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Board Chairman Clyde Allen’s wish list for the next University of Minnesota president

If you’re interested in becoming president of the University of Minnesota, you might want to know what’s on the wish list of Board of Regents Chairman Clyde Allen.

Clyde Allen
Clyde Allen

If you’re interested in becoming president of the University of Minnesota, you might want to know what’s on the wish list of Board of Regents Chairman Clyde Allen.

Visionary, scholar, quick study, administrator, and maybe Energizer Bunny (my descriptor, not his), are a few of the qualities Allen would like to see in the next president.

President Robert Bruininks, who was appointed in 2002 after serving as interim president, plans to return to the U’s faculty next year. The board is conducting a national search for his replacement, the costs of which I wrote about Monday.

Some may remember Allen as a former commissioner of the Minnesota Department of Revenue (the state’s tax collector) and as a former research director for the Minnesota Taxpayers Association. Allen, a recent treasurer and vice president for business affairs at Concordia College in Moorhead, Minn., graduated from Yale University with a degree in political science.

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‘A lot of work to do’
“If it’s somebody who comes from the outside, it needs to be somebody who can get acquainted very quickly with the leaders in the university community,” Allen told me Monday in an interview. “These are very difficult times … financially and we have a lot of work to do, and that’s not much fun. So it needs to be somebody who can gain the confidence of people in a short period of time; or if it’s someone from the inside, someone who has the confidence of people.”

In his state-of-the-university speech this year, Bruininks noted a new trend in the revenue stream for the U. “This year for the first time, tuition ($700 million) contributes substantially more to our budget than our state appropriation, and that trend is all but certain to continue,” Bruininks said.

If you want a crash course on financial conditions at the U, I’d recommend reading that speech [PDF].

Allen is dismayed by cuts to higher education in recent years, including the governor’s $50 million unallotment to the U, which was ratified by the Legislature in recent days.

“I don’t believe we will ever get back … to the formula they used to have (years ago), where for every dollar of tuition that we received the state put in about $2,” Allen said. “Since then, that state support has declined because of two things: demands from other areas such as health and senior citizens … but also because we have decreased taxes. We’ve dropped Minnesota’s ranking in taxes and maybe we shouldn’t have dropped it that much. Maybe we should have used a little more of that to put some more revenue in.”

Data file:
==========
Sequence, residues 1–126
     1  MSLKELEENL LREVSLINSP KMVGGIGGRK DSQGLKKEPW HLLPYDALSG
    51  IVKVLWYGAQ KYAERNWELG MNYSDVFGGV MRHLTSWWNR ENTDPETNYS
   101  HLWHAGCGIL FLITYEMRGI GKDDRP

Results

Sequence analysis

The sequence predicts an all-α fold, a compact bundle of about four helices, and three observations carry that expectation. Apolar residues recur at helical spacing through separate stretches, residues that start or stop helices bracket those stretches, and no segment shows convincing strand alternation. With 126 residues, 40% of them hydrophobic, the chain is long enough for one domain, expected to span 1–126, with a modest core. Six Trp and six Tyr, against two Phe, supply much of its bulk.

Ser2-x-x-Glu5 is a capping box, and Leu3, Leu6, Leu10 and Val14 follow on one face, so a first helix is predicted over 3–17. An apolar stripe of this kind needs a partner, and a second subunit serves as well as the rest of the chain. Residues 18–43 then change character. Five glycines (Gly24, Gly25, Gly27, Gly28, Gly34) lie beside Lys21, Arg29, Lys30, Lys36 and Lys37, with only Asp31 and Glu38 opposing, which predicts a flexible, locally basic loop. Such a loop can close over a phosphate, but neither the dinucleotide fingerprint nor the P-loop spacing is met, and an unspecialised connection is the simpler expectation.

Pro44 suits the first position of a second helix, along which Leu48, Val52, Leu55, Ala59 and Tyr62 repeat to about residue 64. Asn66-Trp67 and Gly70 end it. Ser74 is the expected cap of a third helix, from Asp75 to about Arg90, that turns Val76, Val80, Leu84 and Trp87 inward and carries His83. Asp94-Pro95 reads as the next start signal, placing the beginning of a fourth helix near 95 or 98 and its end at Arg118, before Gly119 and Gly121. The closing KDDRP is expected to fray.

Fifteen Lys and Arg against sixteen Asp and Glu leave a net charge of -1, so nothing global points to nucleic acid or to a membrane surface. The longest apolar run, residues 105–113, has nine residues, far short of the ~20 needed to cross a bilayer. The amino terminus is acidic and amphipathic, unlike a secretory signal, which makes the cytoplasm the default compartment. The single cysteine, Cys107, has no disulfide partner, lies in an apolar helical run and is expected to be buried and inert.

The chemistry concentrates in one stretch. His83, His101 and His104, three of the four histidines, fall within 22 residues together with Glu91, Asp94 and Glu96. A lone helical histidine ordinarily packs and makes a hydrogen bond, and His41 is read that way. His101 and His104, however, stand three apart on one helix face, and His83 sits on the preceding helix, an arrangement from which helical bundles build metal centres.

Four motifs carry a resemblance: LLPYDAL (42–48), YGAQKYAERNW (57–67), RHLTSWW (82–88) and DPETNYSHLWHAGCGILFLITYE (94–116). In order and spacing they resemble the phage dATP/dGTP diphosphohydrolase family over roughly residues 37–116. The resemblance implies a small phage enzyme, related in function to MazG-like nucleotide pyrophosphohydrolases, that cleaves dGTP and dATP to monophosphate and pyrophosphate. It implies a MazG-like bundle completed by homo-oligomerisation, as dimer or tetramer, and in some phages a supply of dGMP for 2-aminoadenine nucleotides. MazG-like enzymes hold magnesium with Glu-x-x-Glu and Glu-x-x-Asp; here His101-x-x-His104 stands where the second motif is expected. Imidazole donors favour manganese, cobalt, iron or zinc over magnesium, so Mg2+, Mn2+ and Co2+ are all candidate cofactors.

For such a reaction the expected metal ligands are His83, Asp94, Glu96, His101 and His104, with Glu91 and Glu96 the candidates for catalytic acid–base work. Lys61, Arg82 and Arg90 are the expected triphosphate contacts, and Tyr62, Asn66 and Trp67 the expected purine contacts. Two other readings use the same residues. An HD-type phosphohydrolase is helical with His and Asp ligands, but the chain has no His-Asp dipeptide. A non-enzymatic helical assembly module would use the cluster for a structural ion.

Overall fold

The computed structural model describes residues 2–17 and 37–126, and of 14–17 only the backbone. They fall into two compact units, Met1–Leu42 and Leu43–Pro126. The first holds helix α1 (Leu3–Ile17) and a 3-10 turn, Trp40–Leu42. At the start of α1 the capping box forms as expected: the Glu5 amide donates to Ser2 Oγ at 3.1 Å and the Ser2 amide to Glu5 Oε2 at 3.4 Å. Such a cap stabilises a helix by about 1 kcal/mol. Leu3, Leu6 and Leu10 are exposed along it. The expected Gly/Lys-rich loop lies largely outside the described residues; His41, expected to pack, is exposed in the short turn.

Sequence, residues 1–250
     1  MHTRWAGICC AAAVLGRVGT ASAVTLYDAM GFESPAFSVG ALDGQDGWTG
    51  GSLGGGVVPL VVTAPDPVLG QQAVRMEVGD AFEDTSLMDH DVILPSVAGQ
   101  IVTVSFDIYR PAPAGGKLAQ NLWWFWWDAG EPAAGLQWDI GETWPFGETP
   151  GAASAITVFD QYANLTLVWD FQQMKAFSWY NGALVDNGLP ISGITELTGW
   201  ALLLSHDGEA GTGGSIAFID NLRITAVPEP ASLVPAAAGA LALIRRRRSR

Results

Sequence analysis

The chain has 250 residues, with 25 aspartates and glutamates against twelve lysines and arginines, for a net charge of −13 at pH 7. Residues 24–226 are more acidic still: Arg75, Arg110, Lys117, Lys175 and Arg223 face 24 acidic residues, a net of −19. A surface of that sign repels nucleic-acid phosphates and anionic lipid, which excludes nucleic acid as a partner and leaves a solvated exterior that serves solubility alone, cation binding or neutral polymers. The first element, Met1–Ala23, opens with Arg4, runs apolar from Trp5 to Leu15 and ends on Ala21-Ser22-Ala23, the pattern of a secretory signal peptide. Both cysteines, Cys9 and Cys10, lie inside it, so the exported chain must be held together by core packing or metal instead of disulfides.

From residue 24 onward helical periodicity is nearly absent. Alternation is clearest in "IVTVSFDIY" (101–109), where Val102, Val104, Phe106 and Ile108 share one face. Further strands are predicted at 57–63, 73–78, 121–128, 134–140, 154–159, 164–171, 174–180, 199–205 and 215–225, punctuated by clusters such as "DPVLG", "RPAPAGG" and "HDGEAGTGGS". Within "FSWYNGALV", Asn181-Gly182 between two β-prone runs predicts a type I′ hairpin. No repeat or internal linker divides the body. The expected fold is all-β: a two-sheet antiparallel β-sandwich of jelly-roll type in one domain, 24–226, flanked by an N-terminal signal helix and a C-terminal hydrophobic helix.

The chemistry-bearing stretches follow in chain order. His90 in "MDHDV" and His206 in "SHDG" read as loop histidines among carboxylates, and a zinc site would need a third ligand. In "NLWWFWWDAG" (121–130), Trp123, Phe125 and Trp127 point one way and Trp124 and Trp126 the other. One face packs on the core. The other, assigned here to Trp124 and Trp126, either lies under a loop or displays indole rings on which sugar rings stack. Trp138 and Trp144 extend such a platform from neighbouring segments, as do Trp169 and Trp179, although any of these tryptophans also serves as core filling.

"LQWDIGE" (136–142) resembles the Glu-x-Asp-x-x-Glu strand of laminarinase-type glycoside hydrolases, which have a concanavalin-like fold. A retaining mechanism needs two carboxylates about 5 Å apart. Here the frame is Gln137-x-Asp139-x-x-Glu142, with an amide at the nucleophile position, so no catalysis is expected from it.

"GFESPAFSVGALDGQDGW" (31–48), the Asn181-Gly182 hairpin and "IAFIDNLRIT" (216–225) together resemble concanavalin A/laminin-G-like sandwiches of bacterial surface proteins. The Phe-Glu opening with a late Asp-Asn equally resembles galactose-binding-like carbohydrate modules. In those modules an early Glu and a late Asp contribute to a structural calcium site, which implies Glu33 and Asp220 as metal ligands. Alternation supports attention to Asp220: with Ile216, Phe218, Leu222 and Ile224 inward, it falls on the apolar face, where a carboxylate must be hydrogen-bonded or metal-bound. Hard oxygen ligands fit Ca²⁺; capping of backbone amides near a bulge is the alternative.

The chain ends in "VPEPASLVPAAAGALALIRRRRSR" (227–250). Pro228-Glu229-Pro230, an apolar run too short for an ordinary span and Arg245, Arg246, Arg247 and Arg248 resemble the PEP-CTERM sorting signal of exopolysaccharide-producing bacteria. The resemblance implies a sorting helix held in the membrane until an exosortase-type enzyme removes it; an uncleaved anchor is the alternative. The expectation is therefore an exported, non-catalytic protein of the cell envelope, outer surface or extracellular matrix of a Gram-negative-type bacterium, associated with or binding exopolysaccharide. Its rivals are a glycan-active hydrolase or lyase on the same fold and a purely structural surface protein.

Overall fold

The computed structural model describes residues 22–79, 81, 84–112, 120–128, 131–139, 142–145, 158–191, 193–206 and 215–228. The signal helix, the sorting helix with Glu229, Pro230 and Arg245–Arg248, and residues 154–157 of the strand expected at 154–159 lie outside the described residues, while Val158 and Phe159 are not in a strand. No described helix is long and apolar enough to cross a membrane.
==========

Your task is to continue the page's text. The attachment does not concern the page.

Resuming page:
Proven academic track record’
The new president “needs to be a visionary and … a scholar,” Allen said. “I think a large research university of this sort needs an academic with a proven academic track record. I don’t mean they need to be practicing that particular discipline recently. They may have been, and in fact I hoped would have been, in an administrative position in recent years. But they need to have a proven track record in the scholastic area.”

Energizer Bunny is on the list of attributes, though Allen didn’t use the term.   

“They need to be willing to work long, long hours,” said Allen, who was first elected to the 12-member board in 2003. “This is not a 50- or 60-hour-a-week job. It sometimes involves more than that. By the time you get through all the evening phone calls and the visits to prospective donors, it’s a long week and a hard job.”

While the last national search ended in the hiring of an internal candidate (Bruininks) — “what a good choice that was” — Allen is careful to say the board wants to look at the entire field. 

“I think we have (internal) candidates right now, but I have no idea of how they compare with candidates we might have from around the nation — mostly because I don’t know the ones from around the nation,” he said.